India: Current Education Scenario

India is proudly claiming to be one of the fast developing countries. Education is booming with both private and public sector working towards it. The national education budget 2005-2012 is Rs. 99057 crores. The country has always been a hub of education since the ancient time with Takshashila recorded as the earliest centre for learning. It is an ongoing debate whether Takshashila was a university or not. Before Western education was established by the British Raj, the Nalanda University was the oldest known centre teaching in a university-system. The country has significantly increased its primary education attendance rate which has expanded the reach of literacy in a huge manner.

The Annual Status of Education Report (ASER) 2012 states that 96.5% of all rural children aged between 6 to14 were enrolled in school and 83% of all rural children were enrolled in school. With a huge increase in the opening of degree granting engineering colleges and management institutions, the intake capacity has crossed 1.2 million for engineering colleges and 3850000 for management education. Other fields where intake capacity has increased are Computer science and pharmacy.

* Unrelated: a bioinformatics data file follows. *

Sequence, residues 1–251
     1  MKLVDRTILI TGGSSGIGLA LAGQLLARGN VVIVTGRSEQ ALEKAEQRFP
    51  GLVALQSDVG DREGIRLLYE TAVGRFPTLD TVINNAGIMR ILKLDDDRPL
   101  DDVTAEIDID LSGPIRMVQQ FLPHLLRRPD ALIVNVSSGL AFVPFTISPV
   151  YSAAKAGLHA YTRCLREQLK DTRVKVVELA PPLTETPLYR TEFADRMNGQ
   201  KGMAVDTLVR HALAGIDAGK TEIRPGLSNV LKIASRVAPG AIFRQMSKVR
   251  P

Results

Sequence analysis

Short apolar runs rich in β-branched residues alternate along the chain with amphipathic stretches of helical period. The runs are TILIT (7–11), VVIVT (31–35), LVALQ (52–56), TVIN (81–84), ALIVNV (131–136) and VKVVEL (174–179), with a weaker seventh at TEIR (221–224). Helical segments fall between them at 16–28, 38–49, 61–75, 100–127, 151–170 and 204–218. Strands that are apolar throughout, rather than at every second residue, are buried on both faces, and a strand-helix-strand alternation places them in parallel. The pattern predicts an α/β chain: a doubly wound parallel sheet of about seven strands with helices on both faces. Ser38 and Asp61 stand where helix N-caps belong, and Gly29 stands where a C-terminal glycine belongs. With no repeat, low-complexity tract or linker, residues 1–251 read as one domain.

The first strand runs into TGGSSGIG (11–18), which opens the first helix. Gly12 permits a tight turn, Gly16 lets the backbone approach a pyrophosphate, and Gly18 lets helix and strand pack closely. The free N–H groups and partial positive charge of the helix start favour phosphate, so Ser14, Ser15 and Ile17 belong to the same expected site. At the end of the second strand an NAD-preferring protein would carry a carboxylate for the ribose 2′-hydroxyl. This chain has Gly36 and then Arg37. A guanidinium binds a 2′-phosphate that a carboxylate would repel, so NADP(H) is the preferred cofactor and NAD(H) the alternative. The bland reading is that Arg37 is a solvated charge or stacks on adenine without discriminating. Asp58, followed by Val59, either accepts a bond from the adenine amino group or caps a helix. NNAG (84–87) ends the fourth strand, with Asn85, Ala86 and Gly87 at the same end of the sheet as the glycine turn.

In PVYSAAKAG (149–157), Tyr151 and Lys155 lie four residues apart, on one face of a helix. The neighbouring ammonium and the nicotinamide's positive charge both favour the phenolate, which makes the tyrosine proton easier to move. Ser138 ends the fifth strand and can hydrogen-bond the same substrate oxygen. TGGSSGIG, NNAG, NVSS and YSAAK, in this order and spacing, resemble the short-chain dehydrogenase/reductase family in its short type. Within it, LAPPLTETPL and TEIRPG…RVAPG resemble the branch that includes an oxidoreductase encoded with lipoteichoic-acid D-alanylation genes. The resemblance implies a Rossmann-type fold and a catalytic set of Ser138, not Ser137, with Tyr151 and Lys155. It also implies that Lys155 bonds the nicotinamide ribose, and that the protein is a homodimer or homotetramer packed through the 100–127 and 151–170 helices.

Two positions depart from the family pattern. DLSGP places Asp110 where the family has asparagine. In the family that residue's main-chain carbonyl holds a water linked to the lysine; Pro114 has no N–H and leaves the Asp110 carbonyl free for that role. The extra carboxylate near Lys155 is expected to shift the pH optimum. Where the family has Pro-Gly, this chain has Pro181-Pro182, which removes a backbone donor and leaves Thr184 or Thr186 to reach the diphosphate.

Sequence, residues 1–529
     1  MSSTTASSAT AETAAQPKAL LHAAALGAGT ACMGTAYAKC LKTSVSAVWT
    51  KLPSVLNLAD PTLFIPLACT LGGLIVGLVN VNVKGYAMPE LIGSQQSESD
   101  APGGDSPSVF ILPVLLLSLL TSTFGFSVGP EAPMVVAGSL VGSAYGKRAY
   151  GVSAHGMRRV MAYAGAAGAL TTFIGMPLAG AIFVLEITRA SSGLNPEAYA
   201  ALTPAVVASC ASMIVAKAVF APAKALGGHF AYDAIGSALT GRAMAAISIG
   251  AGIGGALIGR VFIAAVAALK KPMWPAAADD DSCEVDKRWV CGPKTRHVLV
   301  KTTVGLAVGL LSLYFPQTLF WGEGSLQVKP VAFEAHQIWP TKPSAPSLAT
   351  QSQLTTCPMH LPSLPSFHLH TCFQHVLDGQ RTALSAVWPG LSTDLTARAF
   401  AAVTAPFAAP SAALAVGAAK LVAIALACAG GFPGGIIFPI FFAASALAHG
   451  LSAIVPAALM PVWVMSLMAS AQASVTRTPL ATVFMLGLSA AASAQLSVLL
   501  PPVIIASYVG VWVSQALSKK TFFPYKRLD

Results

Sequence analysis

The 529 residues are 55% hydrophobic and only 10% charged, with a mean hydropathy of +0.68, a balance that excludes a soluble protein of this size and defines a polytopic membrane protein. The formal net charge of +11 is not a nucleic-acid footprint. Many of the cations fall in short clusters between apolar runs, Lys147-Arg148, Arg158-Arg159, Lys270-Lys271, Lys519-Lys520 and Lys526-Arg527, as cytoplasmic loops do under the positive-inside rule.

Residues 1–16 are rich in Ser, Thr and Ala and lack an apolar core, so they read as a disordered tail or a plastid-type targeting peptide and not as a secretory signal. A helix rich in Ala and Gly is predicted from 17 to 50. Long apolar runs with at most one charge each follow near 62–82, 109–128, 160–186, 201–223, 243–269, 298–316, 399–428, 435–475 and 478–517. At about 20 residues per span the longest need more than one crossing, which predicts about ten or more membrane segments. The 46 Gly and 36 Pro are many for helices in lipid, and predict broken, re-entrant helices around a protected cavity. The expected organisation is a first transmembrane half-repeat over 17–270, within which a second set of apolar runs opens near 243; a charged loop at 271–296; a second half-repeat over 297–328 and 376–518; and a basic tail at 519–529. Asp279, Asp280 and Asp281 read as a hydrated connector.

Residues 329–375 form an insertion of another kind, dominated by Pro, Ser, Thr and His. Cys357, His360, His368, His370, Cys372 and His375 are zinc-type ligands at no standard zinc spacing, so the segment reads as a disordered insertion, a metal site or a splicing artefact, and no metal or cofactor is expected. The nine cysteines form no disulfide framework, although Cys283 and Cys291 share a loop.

Every coin has two sides. Where the above mentioned information shows a developing trend in education, there are other facts which have been overlooked. Out 1027 million people in India, 350 million are illiterate. Judging by the size of the country, this is quite a sizeable chunk. 87% of people drop out by the XII standard. India has a poor student to teacher ratio with one teacher managing 71 students. How do we expect quality performance when one individual has to handle 71 odd hyper-active children? Over 50% of teachers teaching in school level are educated only up to secondary school level. There has been a shift in the employment trend recently which has caused many talented people to abandon the profession of teaching which has low remuneration to opt for other jobs having a higher payment.

The solution to these problems lies with the government because it is high time that the educational sector receives a drastic makeover and with people who would be selfless enough to get involved into this profession despite of its obvious lack. images (2)

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